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Lake Effect Snowfalls
During the late autumn and winter, when cold arctic air sweeps across the Great Lakes of North America, snow squalls may form along the lee shores of the Lakes. These squalls can bring locally heavy snowfalls with reduced visibility to a relatively small area. Often, while squalls hit one area, blue skies prevail several kilometres away.
Most lake-effect snowfall occurs, not during the passage of the low pressure cell of a winter storm, but in the strong cold air flow behind the storm's cold front. In areas south of one of the Great Lakes, cold front passage will often be followed by a 24 to 36-hour period of blustery northerly or westerly winds, falling temperatures and persistent flurries of fluffy snow. Often heavy snow squalls accompanied by falling and blowing snow and reduced visibility intermix with brief periods of partly cloudy skies and some blowing snow. When lake-effect snow squalls are well developed, there may be less than 12 hours between the last of them and the more widespread snowfall of the next cyclonic storm system.
Lake-effect snows often add to the miseries of a winter storm's passage. When cyclonic snowstorms pass through areas such as the Prairies/Great Plains, the advancing cold arctic air will quickly clear skies. Although in these situations, temperatures are cold and, if winds are strong, fallen snow can blow or drift, the snowfall is usually over. Not so around the Great Lakes, where it is said: "During the winter, the weather clears up stormy." The cold air picks up substantial moisture as it moves over the Lakes and deposits it as snow inland from the downwind shore. Often, accumulations exceed those deposited during the storm itself. In the more severe lake-effect snow squalls, snowfall accumulations of more that 75 cm (30 in) per day are not uncommon, and fall rates as high as 28 cm (11 in) per hour have been reported. Such severe snowfalls have been termed snowbursts.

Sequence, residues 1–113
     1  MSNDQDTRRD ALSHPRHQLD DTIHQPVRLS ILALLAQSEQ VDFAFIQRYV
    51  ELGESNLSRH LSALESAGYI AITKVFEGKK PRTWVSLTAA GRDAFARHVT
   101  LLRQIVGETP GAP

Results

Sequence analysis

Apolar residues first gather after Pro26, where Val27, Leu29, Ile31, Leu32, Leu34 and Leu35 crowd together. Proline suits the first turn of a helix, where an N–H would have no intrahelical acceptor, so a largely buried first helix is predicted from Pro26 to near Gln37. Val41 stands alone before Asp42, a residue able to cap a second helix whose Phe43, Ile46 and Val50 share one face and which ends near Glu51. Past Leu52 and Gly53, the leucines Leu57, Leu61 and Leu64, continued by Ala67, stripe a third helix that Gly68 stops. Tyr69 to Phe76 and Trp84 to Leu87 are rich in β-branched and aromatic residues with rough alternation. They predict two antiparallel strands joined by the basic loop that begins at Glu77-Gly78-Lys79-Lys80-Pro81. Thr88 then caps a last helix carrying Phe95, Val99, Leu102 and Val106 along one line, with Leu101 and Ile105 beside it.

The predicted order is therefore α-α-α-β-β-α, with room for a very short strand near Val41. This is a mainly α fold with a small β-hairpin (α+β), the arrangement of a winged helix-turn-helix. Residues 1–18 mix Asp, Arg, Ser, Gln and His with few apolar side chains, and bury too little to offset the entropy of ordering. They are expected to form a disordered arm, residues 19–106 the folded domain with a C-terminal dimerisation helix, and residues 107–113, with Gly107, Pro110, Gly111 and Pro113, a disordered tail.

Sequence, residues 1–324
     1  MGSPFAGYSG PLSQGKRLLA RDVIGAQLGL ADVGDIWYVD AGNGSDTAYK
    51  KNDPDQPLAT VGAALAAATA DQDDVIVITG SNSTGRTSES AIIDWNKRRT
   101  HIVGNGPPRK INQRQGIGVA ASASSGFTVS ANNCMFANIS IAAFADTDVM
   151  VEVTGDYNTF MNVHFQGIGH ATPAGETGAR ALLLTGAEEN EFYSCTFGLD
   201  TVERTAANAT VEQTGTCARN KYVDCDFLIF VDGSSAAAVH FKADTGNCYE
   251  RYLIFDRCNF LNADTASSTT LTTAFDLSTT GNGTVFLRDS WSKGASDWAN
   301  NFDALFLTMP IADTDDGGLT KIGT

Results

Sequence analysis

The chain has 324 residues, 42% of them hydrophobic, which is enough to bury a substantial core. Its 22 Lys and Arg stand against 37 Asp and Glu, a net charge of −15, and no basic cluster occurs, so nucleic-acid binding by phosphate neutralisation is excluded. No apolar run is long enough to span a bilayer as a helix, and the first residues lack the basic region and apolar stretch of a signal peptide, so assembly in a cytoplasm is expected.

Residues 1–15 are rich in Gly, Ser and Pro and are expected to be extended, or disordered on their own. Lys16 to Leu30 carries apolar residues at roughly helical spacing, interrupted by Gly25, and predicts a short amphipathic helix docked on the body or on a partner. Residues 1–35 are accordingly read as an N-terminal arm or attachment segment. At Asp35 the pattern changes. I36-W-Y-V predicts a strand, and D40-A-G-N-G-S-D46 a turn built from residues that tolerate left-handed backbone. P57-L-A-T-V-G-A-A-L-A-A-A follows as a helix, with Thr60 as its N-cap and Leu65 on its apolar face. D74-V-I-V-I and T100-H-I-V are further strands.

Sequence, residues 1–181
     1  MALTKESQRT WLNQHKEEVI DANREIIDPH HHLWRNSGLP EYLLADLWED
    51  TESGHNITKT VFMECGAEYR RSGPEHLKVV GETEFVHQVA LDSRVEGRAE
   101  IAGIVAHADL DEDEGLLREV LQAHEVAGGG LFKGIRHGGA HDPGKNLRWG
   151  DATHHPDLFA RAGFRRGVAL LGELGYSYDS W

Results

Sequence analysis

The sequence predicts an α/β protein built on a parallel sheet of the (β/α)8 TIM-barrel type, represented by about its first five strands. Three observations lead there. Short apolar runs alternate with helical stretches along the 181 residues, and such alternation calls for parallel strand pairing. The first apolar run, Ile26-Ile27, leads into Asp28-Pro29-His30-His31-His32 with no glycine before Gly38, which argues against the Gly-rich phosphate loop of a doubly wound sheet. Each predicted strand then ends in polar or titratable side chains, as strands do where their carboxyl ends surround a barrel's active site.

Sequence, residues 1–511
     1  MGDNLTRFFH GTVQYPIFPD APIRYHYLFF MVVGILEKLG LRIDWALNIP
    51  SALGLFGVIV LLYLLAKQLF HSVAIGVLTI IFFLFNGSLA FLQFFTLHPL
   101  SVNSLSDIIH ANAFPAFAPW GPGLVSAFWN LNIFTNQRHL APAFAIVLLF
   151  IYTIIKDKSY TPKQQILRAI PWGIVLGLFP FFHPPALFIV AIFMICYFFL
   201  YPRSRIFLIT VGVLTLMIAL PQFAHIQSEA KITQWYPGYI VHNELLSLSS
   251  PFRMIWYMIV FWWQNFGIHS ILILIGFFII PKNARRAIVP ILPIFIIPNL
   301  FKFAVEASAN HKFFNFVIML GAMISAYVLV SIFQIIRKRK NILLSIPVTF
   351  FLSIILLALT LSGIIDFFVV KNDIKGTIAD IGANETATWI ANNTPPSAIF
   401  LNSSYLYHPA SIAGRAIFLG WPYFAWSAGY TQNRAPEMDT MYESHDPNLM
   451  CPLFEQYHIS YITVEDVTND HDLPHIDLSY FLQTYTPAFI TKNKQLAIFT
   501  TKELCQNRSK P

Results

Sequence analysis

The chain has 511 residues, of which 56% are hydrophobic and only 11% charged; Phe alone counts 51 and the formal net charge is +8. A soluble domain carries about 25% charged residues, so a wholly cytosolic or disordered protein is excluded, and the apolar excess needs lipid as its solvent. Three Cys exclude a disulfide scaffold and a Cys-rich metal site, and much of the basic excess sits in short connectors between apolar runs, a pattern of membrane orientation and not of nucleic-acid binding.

Lake-effect snows are not restricted to the Great Lakes shorelines, but are most common and heaviest there. Any large lake may produce lake-effect snow downwind if it remains essentially ice-free. And, although the east and south shores of the Great Lakes are most likely to have lake-effect snowfalls, north and west shorelines can be hit if the air traversing the lake is cold enough and the distance the air passes over open water (known as the fetch) is large enough.
Lake-effect snowstorms are of major economic significance. Over 1.5 million residents of the State of Michigan live in areas which are affected by such storms and their impact on the state's three major economic activities -- industry, recreation and agriculture -- is considerable. The large cities of Buffalo, Syracuse, and Rochester, New York, Cleveland, Ohio, Erie, Pennsylvania and London, Ontario are all located in major lake-effect snowbelts. Lake-effect snowstorms account for countless lost work and school days. They necessitate high expenditures for snow removal, create frequent hazardous driving conditions, and in general, add to the rigours of winter weather besetting all residents of the Great Lakes Region.
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